Optimum estimate of delays and dispersive effects in low-frequency interferometric observations
Max-Planck-Institut für Radiastronomie, Auf dem Hügel 69, 53121 Bonn, Germany e-mail: email@example.com
Accepted: 3 May 2010
Context. Modern radio interferometers sensitive to low frequencies will make use of wide-band detectors (with bandwidths of the order of the observing frequency) and correlators with high data processing rates. It will be possible to simultaneously correlate data from many sub-bands spread through the whole bandwidth of the detectors. For such wide bandwidths, dispersive effects from the atmosphere introduce variations in the fringe delay which change through the whole band of the receivers. These undesired dispersive effects must be estimated and calibrated with the highest precision.
Aims. We studied the achievable precision in the estimate of the ionospheric dispersion and the dynamic range of the correlated fringes for different distributions of sub-bands in low-frequency and wide-band interferometric observations. Our study is focused on the case of sub-bands with a bandwidth much narrower than that of the total covered spectrum (case of LOFAR).
Methods. We computed the formal statistical uncertainty of the ionospheric delay, the delay ambiguity and the dynamic range of the correlated fringes using four different kinds of distributions of the sub-bands: constant spacing between sub-bands, random spacings, spacings based on a power-law distribution, and spacings based on Golomb rulers (sets of integers, ni, whose sets of differences, nj – ni, have non-repeated elements).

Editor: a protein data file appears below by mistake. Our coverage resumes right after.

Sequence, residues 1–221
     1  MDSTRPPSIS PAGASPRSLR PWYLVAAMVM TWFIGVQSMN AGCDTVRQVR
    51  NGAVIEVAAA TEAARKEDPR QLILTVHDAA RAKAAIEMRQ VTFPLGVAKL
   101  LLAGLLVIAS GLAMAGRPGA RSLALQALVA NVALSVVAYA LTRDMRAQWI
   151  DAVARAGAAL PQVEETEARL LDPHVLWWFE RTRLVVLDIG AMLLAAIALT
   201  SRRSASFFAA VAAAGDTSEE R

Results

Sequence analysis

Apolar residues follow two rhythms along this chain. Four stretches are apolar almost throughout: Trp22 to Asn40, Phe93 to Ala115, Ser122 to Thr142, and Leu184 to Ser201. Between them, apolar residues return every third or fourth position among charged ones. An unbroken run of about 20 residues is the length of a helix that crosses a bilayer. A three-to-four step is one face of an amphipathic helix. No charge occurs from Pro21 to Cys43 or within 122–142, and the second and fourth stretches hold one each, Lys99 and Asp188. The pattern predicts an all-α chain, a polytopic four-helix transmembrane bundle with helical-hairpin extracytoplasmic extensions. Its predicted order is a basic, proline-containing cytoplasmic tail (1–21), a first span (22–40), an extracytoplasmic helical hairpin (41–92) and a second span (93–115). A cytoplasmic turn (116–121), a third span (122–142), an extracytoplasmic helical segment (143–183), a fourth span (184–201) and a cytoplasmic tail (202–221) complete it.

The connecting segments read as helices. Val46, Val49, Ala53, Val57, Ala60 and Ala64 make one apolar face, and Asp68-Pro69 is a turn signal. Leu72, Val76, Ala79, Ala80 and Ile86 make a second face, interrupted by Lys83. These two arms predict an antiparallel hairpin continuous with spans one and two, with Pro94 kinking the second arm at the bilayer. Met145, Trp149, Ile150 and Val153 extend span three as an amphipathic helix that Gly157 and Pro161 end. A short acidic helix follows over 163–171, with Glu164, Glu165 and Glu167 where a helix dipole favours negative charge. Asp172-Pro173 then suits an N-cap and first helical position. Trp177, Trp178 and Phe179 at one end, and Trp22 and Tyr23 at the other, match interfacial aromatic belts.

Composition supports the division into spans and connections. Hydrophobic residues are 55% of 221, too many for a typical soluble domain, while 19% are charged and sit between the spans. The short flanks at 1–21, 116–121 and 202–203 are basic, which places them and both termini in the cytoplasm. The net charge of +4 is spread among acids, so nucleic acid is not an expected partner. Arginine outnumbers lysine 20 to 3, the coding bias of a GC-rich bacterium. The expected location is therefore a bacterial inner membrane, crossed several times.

Results. We compare the formal uncertainties in the estimate of ionospheric effects in the data, the ambiguity of the delays, and the dynamic range of the correlated fringes for the four different kinds of sub-band distributions.
Conclusions. For a large number of sub-bands (>20, depending on the delay window) spacings based on Golomb rulers give the most precise estimates of dispersive effects and the highest dynamic ranges of the fringes. Spacings based on the power-law distribution give similar (but slightly worse) results, although the results are better than those from the Golomb rulers for a smaller numbers of sub-bands. Random distributions of sub-bands result in relatively large dynamic ranges of the fringes, but the estimate of dispersive effects through the band is worse. A constant spacing of sub-bands results in very bad dynamic ranges of the fringes, but the estimates of dispersive effects have a precision similar to that obtained with the power-law distribution. Combining all the results, the power-law distribution gives the best compromise between homogeneity in the sampling of the bandwidth, precision in the estimate of the ionospheric dispersive effects, dynamic range of the correlated fringes, and ambiguity of the group delay.
Key words: atmospheric effects / instrumentation: interferometers / techniques: interferometric / telescopes
© ESO, 2010